Values have tremendous impact on decision-making in an organization. They provide a lighthouse that guides actions, decisions, and innovation that can change the course of an organization. As a leader, you play a big role in shaping those values and leveraging them to influence members of your organization.
Here are seven ways you can be intentional about leveraging values to lead your organization to a high level of efficiency and effectiveness.
First, Define Your Personal Values
Even if you cannot list your personal values off the top of your head, you live by them every day. You prioritize some things over others — family over money, hard work over laziness, serving others over serving yourself, etc. Defining your personal values will help to give you a clear sense of identity. Personal values give you a foundation from which to build your own unique leadership style as well as create the values of your organization.
Make Sure Your Values Align With The Values Of Your Organization
When your own personal values align with the values of your organization, you will fit into the organization’s culture more easily and cultivate good work relationships. You are able to commit whole-heartedly to the achievement of the organization’s goals, and this enhances your productivity.
Misalignment between your personal values and those of your organization creates conflict with other staff members and with the essence of the organization, causing deep dissatisfaction both for you and other members of your team. If the organization’s values are irreconcilable with yours, it may be in your best interest, as well as the organization’s, to plan your exit.
Define And Communicate The Values Of Your Organization
Does your organization have a list of core values? If not, creating one is the first and most important step in transforming your organization with values. By defining what your organization stands for and what it values, you give the organization and its employees a North Star that guides decisions, behaviors, and growth going forward.
Discuss the core values of the organization at every opportunity. Repetition helps plant information in the subconscious, which makes it part of our behavior on autopilot. Also, tell stories of people that have demonstrated the company’s core values. Stories, repeated often enough, become legends.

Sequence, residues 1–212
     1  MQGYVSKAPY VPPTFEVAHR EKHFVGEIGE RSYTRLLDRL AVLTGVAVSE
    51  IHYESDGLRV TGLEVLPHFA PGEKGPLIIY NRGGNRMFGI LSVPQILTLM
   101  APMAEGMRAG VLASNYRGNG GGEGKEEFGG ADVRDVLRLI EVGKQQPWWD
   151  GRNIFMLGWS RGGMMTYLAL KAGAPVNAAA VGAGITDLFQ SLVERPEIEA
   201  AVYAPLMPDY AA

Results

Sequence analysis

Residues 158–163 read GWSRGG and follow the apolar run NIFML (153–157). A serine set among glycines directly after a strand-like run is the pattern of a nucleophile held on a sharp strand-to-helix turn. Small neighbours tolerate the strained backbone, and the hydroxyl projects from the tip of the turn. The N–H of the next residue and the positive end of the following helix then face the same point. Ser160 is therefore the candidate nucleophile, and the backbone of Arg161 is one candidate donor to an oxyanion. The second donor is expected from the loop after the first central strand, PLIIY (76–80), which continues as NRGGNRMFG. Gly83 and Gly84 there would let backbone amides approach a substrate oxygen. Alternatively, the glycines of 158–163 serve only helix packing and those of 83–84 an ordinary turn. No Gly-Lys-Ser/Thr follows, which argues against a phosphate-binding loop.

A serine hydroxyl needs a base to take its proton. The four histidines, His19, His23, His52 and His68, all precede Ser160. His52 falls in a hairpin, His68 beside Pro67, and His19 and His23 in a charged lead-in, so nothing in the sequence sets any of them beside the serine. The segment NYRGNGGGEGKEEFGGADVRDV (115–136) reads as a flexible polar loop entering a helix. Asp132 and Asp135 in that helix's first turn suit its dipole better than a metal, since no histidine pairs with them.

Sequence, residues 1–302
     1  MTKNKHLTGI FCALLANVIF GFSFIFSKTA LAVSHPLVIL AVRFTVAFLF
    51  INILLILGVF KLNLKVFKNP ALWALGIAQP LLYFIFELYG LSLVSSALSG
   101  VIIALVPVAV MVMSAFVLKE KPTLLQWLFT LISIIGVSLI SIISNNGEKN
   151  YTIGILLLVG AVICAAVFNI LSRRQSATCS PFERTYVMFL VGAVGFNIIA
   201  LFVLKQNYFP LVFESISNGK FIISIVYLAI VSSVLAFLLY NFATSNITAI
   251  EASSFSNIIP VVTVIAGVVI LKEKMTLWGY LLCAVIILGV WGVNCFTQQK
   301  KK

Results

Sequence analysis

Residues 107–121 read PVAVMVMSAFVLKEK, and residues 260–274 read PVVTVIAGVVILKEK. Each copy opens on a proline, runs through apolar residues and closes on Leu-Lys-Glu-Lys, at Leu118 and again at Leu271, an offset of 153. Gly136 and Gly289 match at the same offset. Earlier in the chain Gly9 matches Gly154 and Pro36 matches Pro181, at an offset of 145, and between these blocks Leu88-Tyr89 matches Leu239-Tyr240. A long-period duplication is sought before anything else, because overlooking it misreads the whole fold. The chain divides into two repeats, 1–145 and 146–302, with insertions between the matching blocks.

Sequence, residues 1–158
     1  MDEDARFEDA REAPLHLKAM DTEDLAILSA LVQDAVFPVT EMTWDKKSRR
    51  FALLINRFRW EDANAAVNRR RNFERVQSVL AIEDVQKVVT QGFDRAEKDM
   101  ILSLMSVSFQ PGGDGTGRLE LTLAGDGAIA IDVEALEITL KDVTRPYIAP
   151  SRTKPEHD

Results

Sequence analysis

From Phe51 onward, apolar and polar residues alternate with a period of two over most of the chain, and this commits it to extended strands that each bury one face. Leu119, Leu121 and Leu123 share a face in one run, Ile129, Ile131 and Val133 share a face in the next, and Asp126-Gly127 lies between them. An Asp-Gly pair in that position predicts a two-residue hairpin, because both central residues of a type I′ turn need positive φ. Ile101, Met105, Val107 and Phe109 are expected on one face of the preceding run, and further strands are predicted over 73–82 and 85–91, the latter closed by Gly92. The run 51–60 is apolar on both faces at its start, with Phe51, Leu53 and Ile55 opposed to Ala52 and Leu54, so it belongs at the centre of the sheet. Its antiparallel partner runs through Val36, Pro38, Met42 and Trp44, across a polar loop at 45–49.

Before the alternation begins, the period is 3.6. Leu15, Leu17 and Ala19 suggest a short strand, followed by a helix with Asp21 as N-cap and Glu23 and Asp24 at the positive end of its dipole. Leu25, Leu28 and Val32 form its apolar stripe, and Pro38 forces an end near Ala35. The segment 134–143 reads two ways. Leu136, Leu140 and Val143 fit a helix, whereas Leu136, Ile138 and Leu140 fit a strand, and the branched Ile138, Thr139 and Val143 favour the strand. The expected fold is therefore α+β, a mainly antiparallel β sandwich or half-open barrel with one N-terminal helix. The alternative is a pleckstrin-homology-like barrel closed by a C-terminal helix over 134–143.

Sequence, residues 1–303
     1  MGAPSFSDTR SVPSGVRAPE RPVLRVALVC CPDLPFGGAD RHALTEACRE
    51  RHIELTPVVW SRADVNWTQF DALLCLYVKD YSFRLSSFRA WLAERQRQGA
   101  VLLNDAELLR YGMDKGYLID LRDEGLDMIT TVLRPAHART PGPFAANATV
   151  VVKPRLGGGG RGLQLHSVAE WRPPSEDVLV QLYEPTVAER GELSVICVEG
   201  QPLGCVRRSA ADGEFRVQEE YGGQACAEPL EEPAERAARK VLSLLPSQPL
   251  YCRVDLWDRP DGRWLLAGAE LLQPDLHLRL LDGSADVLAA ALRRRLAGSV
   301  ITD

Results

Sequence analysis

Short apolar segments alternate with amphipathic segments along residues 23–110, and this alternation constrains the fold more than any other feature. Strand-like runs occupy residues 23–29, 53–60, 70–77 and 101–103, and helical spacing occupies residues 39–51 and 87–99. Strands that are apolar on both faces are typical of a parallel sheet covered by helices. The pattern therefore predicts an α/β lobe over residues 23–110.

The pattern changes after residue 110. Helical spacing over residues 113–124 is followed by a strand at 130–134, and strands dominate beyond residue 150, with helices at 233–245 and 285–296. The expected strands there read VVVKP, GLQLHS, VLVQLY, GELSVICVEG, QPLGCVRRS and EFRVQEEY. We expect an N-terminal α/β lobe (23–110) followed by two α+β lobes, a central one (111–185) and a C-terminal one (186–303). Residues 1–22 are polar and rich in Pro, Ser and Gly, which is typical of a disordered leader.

Model Your Organization’s Values
In their book The Leadership Challenge: How to Make Extraordinary Things Happen in Organizations, James Pouzes and Barry Posner discuss The Five Practices of Exemplary Leadership. The first is “Model the Way.” There is great dissonance in leadership when the actions of leaders contradict the stated values of the organization. Group members get the message, “The stated values are for window dressing. It’s okay to do what you like.”
For example, the leaders of an organization should not ask staff to reduce expenses if they are not willing to make any sacrifices, themselves. When leaders model the organization’s values, employees are more likely to model them, too, making it easier to achieve the consistency necessary to achieve the organization’s goals.
Recruit People Who Align With Your Organization’s Values
Hiring people that don’t align with your organization’s values can do a lot of damage before you even realize there’s a problem. For example, hiring a manager that thinks it’s OK to cut corners when integrity is a core value can damage your brand reputation quickly.
The hiring process should test not only for competence, but also for character. Character can be difficult to measure, but it can be assessed using behavioral interview questions. Does this person’s character match up with the core values of the organization? If so, proceed with the hire. During the employee’s probation period, assess alignment with the organization’s values to be doubly sure that every hire is a good fit.
Reward Alignment With Values
It is easy for the culture of your organization to fall into disarray during bursts of growth and expansion. To keep the core value train on the rails in challenging times, publicly reward alignment with your core values, and privately punish misalignment. This will encourage every member of your staff to stay consistent in the way they use the core values of the organization in their professional lives. Anyone who refuses to exemplify the values of the organization should be advised to leave or be shown the way out.
Relate With Partners With Similar Values
A successful entrepreneur once described how a major auto manufacturing company discovered that all of its distributors in his country were falsifying records, except him. They canceled all the other distributorships and made this entrepreneur the sole distributor in that country.
When you do business with partners that share your values, business is streamlined, your reputation is more secure, and you’re more likely to find positive ways to expand your partnership and your profits together. Relating with partners and vendors whose values do not align with your organization’s can cost your company its reputation and much more.
Values Drive Success
When you lead your organization from a “value-first” perspective, it creates an environment where making critical decisions is easier, a positive culture is defined, and your organization’s capacity to fulfill its vision and mission is stronger than ever.